Give Them the Choice to Play in College
As a parent, you want the best for your child. Most parents with young athletes hope to see their child go on to play college sports one day. Once your child is in high school and continues to show an avid interest in playing sports, it’s a good idea to have a family discussion about what their plans are for their future. This may include college, career, and athletics. When it’s time to consider college options for your child, it is best to realize that the decision to attend college and to participate in sports at the collegiate level is ultimately up to the athlete as they will be the one competing in sports and juggling classes, exams, and homework—not the parent.
My Child is Good, But is Not Being Scouted
If you are like most families, you might believe that colleges have scouts traveling the country looking for the next big athlete. Unfortunately, this is just not true. Unless your child is in the top 1 percent of high school athletes in the country, then scouts will most likely not be attending your child’s games, matches, or meets. In reality, college coaches are not going to know about your child unless they have contacted them directly, informing the coach that they are interested in their athletic program. If your child has enjoyed and benefited from being a student athlete all their life and they have made the decision to continue their sports career into college, then it is good to help them start the recruitment process during their freshman year. If your child wants to get recruited to play college sports, then it is up to them to be proactive in the process and begin communicating with college coaches early in their high school career.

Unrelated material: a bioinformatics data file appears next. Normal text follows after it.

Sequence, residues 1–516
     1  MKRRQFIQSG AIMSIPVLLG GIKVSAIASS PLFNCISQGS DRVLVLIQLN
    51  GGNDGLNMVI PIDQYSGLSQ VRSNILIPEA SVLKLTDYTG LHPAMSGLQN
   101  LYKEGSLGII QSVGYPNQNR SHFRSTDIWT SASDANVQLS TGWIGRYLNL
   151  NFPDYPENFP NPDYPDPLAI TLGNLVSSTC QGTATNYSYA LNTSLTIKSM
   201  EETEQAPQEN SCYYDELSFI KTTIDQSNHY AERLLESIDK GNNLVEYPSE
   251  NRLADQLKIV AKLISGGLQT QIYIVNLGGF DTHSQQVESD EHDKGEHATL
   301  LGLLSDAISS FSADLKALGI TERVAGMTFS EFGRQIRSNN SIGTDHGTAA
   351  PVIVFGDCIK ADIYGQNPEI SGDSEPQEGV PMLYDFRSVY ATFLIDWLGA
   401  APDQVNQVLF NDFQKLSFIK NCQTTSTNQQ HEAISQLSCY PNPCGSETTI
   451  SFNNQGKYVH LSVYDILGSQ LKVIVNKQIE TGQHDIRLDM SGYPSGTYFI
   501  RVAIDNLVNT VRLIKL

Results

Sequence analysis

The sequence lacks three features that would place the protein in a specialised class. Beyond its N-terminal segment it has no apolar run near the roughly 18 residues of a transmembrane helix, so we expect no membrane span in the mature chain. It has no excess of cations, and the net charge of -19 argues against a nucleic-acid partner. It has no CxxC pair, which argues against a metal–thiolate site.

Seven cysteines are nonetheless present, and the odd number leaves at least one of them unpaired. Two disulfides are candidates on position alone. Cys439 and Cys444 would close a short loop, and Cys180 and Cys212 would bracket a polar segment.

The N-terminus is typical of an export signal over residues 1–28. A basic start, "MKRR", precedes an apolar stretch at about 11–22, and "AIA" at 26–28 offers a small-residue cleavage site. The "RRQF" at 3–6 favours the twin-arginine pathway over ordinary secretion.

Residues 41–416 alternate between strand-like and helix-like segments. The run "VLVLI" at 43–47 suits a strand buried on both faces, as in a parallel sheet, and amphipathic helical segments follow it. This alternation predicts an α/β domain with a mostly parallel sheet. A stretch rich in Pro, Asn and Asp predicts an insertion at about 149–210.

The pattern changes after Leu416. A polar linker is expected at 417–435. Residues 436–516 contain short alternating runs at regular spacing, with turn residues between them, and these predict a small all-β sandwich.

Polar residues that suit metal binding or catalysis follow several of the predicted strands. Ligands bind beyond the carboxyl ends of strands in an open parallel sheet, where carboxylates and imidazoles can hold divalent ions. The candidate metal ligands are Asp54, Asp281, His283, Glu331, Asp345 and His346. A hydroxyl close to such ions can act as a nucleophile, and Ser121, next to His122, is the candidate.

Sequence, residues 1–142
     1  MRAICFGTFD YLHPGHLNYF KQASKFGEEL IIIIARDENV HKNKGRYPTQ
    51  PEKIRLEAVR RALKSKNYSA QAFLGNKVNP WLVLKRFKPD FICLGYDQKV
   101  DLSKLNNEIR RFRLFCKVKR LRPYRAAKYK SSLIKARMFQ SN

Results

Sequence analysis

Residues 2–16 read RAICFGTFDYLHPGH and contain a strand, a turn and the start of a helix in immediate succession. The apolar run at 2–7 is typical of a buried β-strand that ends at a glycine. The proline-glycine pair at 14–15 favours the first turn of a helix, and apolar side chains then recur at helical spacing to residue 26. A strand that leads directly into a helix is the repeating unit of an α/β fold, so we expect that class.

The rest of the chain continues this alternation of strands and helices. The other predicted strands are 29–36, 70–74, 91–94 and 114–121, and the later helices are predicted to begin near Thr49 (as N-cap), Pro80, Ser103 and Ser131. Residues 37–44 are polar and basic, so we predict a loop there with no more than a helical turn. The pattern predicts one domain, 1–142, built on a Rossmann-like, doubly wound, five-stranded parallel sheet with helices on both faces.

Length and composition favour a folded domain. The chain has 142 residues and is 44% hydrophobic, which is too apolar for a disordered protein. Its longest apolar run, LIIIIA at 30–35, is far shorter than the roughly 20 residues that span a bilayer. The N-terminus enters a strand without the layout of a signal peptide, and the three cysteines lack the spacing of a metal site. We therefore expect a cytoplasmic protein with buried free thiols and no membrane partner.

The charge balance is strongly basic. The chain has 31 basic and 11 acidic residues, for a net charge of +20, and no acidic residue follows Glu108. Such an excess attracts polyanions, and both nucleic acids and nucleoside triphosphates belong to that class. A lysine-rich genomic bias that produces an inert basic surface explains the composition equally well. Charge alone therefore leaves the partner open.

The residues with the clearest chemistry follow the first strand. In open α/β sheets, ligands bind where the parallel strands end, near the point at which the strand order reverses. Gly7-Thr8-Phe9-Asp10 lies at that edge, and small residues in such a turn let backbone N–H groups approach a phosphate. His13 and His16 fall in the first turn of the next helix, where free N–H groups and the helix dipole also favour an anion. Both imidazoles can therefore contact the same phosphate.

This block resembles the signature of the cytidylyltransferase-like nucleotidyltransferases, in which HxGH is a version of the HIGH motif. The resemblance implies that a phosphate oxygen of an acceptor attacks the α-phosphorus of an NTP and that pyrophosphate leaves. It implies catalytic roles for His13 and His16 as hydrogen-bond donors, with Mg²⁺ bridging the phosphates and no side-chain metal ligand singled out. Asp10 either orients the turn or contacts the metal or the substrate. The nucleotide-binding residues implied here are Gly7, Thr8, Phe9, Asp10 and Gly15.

Being a high school athlete and student has many pressures. Placing an added pressure of having to get noticed by college programs can be strenuous and stressful on student athletes. It is this added stress that may take the fun out of playing the game that they once loved. Listening and providing input to discussions with your child about their feelings and thoughts of playing college sports is a great way to open up the discussion to see how the family should begin the recruitment process. Just make sure you are not forcing sports participation on your kid; this could lead to further ramifications down the road.
Working as a Family
If your family has come to the conclusion that it would be a good idea to begin researching colleges and sports programs, then you should set aside time to concentrate on both. Starting off, a family can work together on building the student athlete’s resume, along with taking unofficial visits to colleges that are close by and are easily worked into the family budget. Remember that it is not really a visit unless the athlete gets to meet with a member of the college coaching staff, so plan accordingly in order to personally meet with athletic staff in order to have your child’s questions explained.
The Athlete’s Role
College is where your child will learn to be more independent and learn how to grow as an individual. It is important to allow this growth to start during the recruiting process. This is where the student athlete has to begin answering for themselves and make decisions that could impact the rest of their life. The student athlete needs to make all correspondence with college coaches, including e-mails, phone calls, and school visits. College coaches do not want to hear from the athlete’s parents or guardians; they want to talk with the athlete. This allows them to get a better sense of who they are and if they will be a good fit for their team.
Keeping it All Together
In getting educated on the recruitment process, you and your child will be better equipped to know what to expect with each new year. Remember that playing sports has its benefits, but it may sometimes take a lot of work to get there. As a parent, be there to help your child in the process and remember that it is their decision whether they want to continue competing in sports or not.
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